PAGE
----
By Missionary Buddy Smith

JOHN BUNYAN’S NAME is familiar to most Christians. Some months ago I came across one of his short books, ‘The Acceptable Sacrifice’.

It was originally a sermon based on Psalm 51:17, “The sacrifices of God are a broken spirit, a broken and a contrite heart, O God, thou wilt not despise”. It was his last book.

My heart was deeply moved by this book. Not only is the content impressive, weighty and convincing, but Bunyan’s grasp and use of Scripture is amazing. The book is absolutely compelling, simply because of his knowledge of the Word of God. This sermon was no contemporary homily consisting of a joke, three points and a poem. This is a cobalt bomb in hardcover and the reader stands at ground zero.

Now I often have these strange conversations with myself. I asked, “How did he write such a sermon? Where did he get such substance, such wisdom, such power? What did he use for study aids, to be able to compile such a sermonic masterpiece?” In the midst of this boisterous conversation, I suddenly realised that Bunyan had almost none of the resources we take for granted. Strong’s Concordance was 200 years in the future, Cruden’s a hundred. Thayer’s, Gesenius, and Robertson were all unknown to the tinker. Bunyan’s biographers mention Luther’s commentary on Galatians, Foxe’s Book of Martyrs, and an anonymous concordance. Three books, that’s all! We suppose that Bunyan, such a prolific writer, would be a voracious reader.

But there is that one resource book, his chief study aid he mentions again and again in his writings. Hear him: “As I was sitting by the fire…suddenly…this word sounded in my heart, ‘I must go to Jesus’. I said, ‘Wife, is there ever such a Scripture, I must go to Jesus?’ Thus unexpectedly questioned, she cannot tell”. “Therefore,” says Bunyan, “I sat musing to see if I could remember such a place. I had not sat above two or three minutes but it came bolting in upon me, ‘You are come to Mt Zion…and to Jesus the Mediator of the New Testament” – Heb. 12:22-24″.

Ah, now I see it. This was Bunyan’s chief resource, his chief study aid, the Holy Scriptures themselves, taught him by the Comforter, the Holy Spirit. Of course, how could I have missed it before?

He thoroughly knew the Scriptures. He read and memorised long passages. He meditated much upon the Word. He looked and longed and lingered until the Holy Spirit brought to mind the needed truth for each crisis. He knew by daily experience the truth of John 14:26, “But the Comforter, which is the Holy Ghost…He shall teach you all things, and bring all things to your remembrance…”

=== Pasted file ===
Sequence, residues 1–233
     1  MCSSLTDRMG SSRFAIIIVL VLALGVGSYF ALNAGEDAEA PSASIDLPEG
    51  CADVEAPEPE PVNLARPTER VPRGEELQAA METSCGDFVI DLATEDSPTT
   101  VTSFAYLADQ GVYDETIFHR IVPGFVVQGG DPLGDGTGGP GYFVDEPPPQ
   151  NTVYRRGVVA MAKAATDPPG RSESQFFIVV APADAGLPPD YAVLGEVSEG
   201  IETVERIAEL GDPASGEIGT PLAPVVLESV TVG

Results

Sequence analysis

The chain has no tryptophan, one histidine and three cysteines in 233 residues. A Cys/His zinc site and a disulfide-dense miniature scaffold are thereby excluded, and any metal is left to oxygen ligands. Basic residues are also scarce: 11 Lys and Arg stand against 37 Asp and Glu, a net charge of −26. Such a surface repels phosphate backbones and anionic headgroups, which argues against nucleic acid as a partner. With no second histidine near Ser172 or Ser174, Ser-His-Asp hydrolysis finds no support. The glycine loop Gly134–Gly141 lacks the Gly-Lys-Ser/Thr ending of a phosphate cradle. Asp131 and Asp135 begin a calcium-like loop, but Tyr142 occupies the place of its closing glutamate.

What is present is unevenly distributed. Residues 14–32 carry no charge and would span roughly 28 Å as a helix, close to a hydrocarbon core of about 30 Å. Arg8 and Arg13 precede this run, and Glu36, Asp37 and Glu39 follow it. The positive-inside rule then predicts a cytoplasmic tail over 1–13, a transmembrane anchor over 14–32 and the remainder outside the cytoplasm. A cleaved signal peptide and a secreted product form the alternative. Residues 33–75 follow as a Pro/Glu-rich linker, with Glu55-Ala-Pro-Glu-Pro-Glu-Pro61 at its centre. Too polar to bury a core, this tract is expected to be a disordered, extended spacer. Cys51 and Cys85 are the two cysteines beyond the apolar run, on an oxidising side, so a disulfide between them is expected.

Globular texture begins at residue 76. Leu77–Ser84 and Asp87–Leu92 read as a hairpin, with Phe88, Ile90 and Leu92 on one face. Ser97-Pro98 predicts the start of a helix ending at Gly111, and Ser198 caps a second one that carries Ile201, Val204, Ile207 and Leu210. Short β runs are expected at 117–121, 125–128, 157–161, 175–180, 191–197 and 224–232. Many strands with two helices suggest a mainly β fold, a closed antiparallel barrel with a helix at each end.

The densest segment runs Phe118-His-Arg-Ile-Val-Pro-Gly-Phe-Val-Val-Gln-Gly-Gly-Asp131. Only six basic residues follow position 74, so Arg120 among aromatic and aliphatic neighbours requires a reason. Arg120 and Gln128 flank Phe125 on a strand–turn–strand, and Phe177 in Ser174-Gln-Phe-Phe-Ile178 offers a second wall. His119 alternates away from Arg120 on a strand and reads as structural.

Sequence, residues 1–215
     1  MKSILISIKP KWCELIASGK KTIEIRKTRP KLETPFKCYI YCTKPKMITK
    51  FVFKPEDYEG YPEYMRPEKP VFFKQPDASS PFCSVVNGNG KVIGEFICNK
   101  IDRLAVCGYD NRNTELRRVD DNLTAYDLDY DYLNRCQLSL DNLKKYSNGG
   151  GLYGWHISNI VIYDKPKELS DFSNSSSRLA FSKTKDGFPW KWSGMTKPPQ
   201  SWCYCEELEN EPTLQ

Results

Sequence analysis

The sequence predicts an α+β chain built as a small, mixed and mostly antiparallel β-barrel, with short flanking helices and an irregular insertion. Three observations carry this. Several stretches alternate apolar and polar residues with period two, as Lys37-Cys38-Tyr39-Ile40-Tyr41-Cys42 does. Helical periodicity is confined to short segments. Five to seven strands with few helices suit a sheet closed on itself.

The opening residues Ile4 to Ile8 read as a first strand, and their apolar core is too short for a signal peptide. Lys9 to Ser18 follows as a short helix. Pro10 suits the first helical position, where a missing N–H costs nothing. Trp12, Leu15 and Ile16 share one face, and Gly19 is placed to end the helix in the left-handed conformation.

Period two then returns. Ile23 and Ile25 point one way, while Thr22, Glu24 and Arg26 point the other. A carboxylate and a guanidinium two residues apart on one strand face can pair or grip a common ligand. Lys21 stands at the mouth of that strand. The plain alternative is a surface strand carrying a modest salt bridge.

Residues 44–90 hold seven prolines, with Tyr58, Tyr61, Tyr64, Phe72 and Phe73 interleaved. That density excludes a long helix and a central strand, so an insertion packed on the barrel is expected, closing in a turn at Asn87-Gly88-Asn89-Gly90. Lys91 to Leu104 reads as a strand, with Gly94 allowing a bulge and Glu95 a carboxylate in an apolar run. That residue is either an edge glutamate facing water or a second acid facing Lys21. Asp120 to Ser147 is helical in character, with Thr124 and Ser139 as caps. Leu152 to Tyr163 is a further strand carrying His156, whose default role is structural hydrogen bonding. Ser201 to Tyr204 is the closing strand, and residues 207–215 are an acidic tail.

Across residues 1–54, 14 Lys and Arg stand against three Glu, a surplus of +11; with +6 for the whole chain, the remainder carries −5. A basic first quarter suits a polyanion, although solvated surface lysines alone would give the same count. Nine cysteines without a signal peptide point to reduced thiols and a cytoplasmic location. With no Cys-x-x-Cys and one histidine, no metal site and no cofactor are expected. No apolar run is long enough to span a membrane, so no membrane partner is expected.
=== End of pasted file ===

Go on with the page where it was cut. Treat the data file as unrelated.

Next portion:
Bunyan used this resource when discouraged. He used it when he prepared sermons. He used it when he stood before magistrates, accused of preaching without a license. He used it when in jail where he wrote Pilgrim’s Progress. He used it when he preached from his cell window. He used it when he pointed the lost to Christ. This is Bunyan’s secret: the Spirit and the Word – the Sufficiency of Scripture and the Comforter, who is our Tutor, these were Bunyan’s best study aids. His utter dependence upon the Word of God and its Author is what gave his life and literature their impact. As Charles Spurgeon later noted, “Prick him anywhere; his blood is Bibline, the very essence of the Bible flows from him.”

What a contrast he makes with the modern minister! Somewhere between the TV sports show, the trip to the airport, the power luncheon with the deacons, and the golf game, he must prepare his message. No problem! Just light up the new IBM (Inspired Business Machines?), and open the Super SermonMaker Program. There are thousands of websites with free sermons available to the computer savvy pastor. Memorisation, meditation and midnights are displaced by gigabytes, nanoseconds and mousy sermons. (Thirty minutes on the net, and he has a cute little sermonette ready to entertain the bored saints. Guaranteed to put them to sleep before the second point of the sermon!) No blood, no sweat, no tears, no Bible, no prayer, no blessing, no people, too bad, so sad! (“No sermon tonight, folks. The computer is down.”)

This contrast between Bunyan and the modern minister brings a question to the fore, “Should we then avoid all study aids? Must we become the Luddites of the 21st century, and throw away our computers?” Not at all. They have their uses. But we must use them sparingly, in moderation, remembering that no man’s thoughts, whether they are recorded in books, in computer programs, floppies, or CD ROMS can ever replace the unadulterated Word of God and the Spirit of God.

Bunyan had a “computer” with resources we won’t find online. The computer he used is still available, but it’s expensive. It costs the user time, large quantities of time. Time in reading the Word. Time in meditation on the Word. Time waiting on God for truth. Time to be taught by the Spirit of God. Time humbling our hearts before Him. Time on our knees in prayer. Time alone with God. Time spent seeking the face of God for the sermons we must preach. Time discarding the lies the Devil tells us. Time to grow godly character. Time listening for the still small voice that shakes the world.

Bunyan’s computer has always been the most expensive model on the market. It’s the original model and has never been improved.

Is the price too high?

Not if your sermons can still be a blessing after 300 years.

I know thy works: behold, I have set before thee an open door, and no man can shut it: for thou hast a little strength, and hast kept my word, and hast not denied my name.
Revelation 3:8